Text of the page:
It was time for Chinese New Year.
POP. EEEEEEEEEeeeee. CRACK!
To be honest, it sounded like a war zone, if not for the bright red and green colors in the sky.
I decided to find a nice open area to enjoy the show -- Hou Hai, the lake area I enjoyed visiting during the warmer summer and fall months. I arrived at about 11:30 an already fireworks were going off. Then, minutes before midnight, all across the city trails of light and smoke could be seen.
A few people setting off fireworks got a little trigger happy with their displays. A round or two went off feet from where I was standing and it wasn't till the next morning that I got my hearing back.
The display itself was amazing. I read somewhere that the fireworks set off in Beijing are the largest, uncoordinated (and probably unsafe) show in the world. I think I may have seen more red, green and white explosions in 30 minutes, all around me, than I have in the last 23 years. It was awesome.
The mess afterward was equally awesome. Heaps upon heaps of red paper littered the streets across Beijing. Smoke filled the air (in the video, notice how the visibility in the area quickly deteriorates). I smelled like sulfur and gun powder by the time I left.
I think the fireworks, at least in my area, stopped around 3 or 4 a.m. That's when I finally fell asleep -- and was promptly woken up around 8:30 a.m. with a new round of explosions.
TOO CLOSE FOR COMFORT: I tried to use as many trees and Chinese people for cover as I could while video taping the firework display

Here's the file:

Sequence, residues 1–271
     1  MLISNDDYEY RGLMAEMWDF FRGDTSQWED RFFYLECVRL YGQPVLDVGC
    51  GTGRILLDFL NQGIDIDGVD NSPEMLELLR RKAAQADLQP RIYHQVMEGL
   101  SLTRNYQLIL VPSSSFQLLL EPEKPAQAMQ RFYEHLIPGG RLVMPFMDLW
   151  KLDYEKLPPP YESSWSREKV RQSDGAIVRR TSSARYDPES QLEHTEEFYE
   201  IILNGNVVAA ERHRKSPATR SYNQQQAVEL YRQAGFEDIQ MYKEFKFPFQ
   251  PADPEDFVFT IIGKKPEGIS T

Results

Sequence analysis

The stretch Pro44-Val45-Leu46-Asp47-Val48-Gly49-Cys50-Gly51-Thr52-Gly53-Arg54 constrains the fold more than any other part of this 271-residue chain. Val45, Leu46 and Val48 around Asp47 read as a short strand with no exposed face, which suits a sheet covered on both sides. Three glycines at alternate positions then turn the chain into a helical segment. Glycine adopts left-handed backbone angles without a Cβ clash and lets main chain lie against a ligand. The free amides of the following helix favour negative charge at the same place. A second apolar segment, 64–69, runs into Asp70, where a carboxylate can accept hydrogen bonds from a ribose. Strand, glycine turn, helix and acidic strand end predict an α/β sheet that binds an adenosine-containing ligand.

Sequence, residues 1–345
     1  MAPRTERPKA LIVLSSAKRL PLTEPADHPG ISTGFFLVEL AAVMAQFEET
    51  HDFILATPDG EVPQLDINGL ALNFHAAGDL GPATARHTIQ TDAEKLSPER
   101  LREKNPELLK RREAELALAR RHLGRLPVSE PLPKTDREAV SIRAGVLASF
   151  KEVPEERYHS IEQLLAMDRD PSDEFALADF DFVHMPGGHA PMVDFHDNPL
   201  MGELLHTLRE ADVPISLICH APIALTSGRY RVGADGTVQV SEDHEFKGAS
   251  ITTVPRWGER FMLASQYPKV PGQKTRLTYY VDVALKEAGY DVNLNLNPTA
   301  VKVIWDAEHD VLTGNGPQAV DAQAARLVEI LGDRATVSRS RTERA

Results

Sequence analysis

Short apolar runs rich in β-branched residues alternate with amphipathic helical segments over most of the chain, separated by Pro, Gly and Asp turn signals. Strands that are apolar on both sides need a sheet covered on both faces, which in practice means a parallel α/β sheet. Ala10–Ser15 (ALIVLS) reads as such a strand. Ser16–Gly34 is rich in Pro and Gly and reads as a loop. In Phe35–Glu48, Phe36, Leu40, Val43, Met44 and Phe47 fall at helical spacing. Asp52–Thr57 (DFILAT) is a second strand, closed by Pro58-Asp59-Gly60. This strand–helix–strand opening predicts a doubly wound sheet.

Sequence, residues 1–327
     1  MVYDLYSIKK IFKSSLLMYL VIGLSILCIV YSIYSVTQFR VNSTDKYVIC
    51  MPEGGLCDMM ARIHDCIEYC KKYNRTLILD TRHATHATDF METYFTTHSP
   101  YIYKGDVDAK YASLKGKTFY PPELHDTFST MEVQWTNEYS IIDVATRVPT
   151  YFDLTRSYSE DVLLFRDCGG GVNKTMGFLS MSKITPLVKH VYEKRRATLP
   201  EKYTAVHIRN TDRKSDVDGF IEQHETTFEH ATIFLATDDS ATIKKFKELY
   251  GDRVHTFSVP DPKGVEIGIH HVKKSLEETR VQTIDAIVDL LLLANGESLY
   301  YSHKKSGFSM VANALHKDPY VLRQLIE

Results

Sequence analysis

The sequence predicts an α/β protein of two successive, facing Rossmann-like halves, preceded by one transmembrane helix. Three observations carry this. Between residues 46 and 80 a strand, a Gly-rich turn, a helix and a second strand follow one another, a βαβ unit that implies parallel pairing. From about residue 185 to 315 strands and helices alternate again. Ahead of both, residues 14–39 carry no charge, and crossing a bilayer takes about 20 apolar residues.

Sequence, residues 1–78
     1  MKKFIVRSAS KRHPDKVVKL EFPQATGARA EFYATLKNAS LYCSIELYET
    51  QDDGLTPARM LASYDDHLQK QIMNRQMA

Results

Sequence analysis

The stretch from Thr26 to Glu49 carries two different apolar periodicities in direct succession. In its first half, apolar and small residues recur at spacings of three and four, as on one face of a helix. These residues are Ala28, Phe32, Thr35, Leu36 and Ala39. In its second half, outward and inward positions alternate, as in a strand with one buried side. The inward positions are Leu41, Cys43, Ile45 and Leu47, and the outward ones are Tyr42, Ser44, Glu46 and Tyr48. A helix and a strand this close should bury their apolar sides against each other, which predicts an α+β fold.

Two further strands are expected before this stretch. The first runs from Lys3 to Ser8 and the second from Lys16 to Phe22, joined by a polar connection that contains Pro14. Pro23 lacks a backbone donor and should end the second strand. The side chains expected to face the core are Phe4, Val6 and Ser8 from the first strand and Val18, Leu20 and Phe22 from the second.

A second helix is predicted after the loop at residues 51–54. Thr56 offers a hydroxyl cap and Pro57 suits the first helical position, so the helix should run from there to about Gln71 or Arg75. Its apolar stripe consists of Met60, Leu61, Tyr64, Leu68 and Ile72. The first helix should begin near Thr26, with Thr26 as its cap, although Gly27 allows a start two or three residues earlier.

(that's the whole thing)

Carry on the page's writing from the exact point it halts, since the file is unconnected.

CITY VIEW: Fireworks went off across the city and nation, possibly visible from space (much like the Great Wall)
SO MUCH FOR THE RULES: A warning sign outside my apartment. Off camera is a group of Chinese setting off a chain of firecrackers
THE MORNING AFTER: Walking to the super market to buy groceries for breakfast, I was greeted with a bang... literally
FOLLOW THE RED COVERED ROAD: The street outside my apartment was blanketed in red paper from the remains of fireworks that had been set off since 8 a.m. Saturday morning
Wednesday, February 10, 2010
While the Gregorian calendar celebrated the beginning of the new year on January 1, the much more interesting Chinese year begins on February 14. I say "more interesting" because each Chinese year represents a different animal. Last year was the Year of the Ox, and the year before that was the Year of the Rat. But this year, this year is special. 2010 marks the Year of the Tiger, but, more importantly, it is my year.
The Chinese New Year revolves around 12 animals: rat, ox, tiger, rabbit, dragon, snake, horse, sheep, monkey, rooster, dog and pig. For some reason, the panda -- which is the Chinese equivalent of the American eagle as a symbol of the nation --was excluded from the list.
Much like our monthly zodiacs, each animal has certain characteristics. Those born in the year of the dog are loyal and obedient people. Tigers are strong passionate people, but are often impatient.
The Lunar New Year begins on February 14 (also Valentine's Day). Celebrations usually begin the day before (or two days before) and last throughout the following week.